Common Sense Media, the organization that tests and rates every type of media your child might encounter, has published their latest “Best Book Apps for Kids.” The apps are rated by age group, starting with toddlers and moving up to young teens.
CSM’s standard ratings include ease of use; amounts of violence, sex or objectionable language; the amount of consumerism in the app; whether or not there is drinking, drugs or smoking; and privacy controls and issues.
So what are the best interactive book apps for your kids? An abbreviated list follows. For a more detailed review, go to CommonSenseMedia.org.
1) Night Night HD. An interactive “going to sleep” app that allows your toddler to play with farm animals. There’s very little reading, but lots of touching. And when your child turns off the light switch, the lights stay out. It’s bedtime.
2) Peek-a-Zoo by Duck Duck Moose. An app game that asks children to look at different groups of cartoon animal characters and distinguish which ones are exhibiting a specific trait or behavior (“Who is crying?” “Who is surprised?” “Who is angry?”).
3) Another Monster at the End of This Book. It’s a sequel to the Sesame Street classic, The Monster at the End of This Book, and Common Sense Media reviewers like it a lot. In this book, Grover begs readers NOT to turn the page so they can avoid the monster at the end – who turns out to be Elmo.
4) The Cat in the Hat. CSM raters think this is a perfect adaptation, and is very faithful to the original picture book. “This story is such a delight to read with its great use of language, funny graphics, and the Cat’s hilarious over-the-top antics.”
5) Little Bella’s: I Close My Eyes. CSM says this is perfect for pre-readers, though your toddler might be a bit bored. The book is made up of 12 animated shorts about a girl who pretends she can fly, climb huge trees and jump like a frog.
6) Popout! The Tale of Peter Rabbit. The CSM reviewer loved the popout elements, with their detailed use of sound and movement. The popouts alone with enthrall littler kids, while there’s plenty to read for younger learners. They can even tap on a word if they get stuck.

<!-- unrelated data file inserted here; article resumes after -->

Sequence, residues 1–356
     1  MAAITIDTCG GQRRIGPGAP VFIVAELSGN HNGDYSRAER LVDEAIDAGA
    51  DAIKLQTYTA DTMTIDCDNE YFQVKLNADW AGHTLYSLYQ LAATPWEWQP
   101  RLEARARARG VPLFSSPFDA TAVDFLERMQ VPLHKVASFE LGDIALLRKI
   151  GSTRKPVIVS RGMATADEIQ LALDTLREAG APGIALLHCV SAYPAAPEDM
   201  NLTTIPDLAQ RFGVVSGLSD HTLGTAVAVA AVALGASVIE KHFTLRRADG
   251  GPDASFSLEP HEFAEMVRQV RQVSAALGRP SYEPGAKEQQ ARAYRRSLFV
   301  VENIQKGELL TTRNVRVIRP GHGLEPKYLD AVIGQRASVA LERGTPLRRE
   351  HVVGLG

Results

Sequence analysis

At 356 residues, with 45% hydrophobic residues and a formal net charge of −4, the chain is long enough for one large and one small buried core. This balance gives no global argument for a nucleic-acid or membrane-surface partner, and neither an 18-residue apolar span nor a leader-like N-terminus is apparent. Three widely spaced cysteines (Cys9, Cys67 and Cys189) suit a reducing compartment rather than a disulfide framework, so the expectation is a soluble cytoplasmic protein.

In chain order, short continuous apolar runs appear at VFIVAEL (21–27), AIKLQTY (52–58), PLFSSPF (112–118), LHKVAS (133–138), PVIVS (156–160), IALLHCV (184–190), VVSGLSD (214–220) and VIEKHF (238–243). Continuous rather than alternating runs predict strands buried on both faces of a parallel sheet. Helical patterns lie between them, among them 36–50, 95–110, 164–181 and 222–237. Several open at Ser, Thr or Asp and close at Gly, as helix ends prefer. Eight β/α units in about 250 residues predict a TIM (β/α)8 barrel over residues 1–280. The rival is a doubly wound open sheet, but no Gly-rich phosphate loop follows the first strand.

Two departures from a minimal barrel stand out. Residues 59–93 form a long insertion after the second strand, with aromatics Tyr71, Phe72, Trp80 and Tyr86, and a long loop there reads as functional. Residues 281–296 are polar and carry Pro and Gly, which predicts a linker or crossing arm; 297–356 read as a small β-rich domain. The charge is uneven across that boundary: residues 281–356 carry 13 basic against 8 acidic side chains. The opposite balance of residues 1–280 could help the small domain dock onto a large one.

7) Speech with Milo: Interactive Storybook. Developed by a speech therapist, this app gives kids the option of reading the story that’s given or writing one or two or three of their own. It’s great for teaching kids how stories are put together.
8) Bartleby’s Book of Buttons Vol. 1: The Far Away Island. CSM says this is an incredibly imaginative and fun interactive storybook about a man who collects buttons. The catch? “Any time he finds himself in need, he tries pressing some of those buttons to see how they will affect his situation.” When kids press the buttons, it affects where the story will go.
9) Don’t Let The Pigeon Run This App! This is an interactive spin-off of Mo Willems’ Pigeon book series. CSM says kids can make their own stories – either by picking from multiple-choice options or making up their own story. Your child’s voice will be recorded and become part of the story they make up.
10) The Fantastic Flying Books of Mr. Morris Lessmore. The CSM reviewer loves this book, calling it “brilliant” and “mind-blowing. It’s one of those apps that shows just how much creativity and added entertainment value can be put into an interactive book app.” The story is about a man who is swept away by a tornado (which might disturb younger kids) and then becomes a sort of librarian in a world of living books.